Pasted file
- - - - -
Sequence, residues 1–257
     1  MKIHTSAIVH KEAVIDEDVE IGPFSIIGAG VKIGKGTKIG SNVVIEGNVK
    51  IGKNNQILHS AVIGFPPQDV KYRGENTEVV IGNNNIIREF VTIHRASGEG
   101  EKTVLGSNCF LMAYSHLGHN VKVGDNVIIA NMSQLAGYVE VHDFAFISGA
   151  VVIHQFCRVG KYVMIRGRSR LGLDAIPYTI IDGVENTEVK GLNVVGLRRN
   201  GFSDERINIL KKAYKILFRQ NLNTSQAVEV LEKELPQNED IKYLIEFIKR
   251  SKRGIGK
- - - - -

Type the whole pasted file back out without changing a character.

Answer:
Sequence, residues 1–257
     1  MKIHTSAIVH KEAVIDEDVE IGPFSIIGAG VKIGKGTKIG SNVVIEGNVK
    51  IGKNNQILHS AVIGFPPQDV KYRGENTEVV IGNNNIIREF VTIHRASGEG
   101  EKTVLGSNCF LMAYSHLGHN VKVGDNVIIA NMSQLAGYVE VHDFAFISGA
   151  VVIHQFCRVG KYVMIRGRSR LGLDAIPYTI IDGVENTEVK GLNVVGLRRN
   201  GFSDERINIL KKAYKILFRQ NLNTSQAVEV LEKELPQNED IKYLIEFIKR
   251  SKRGIGK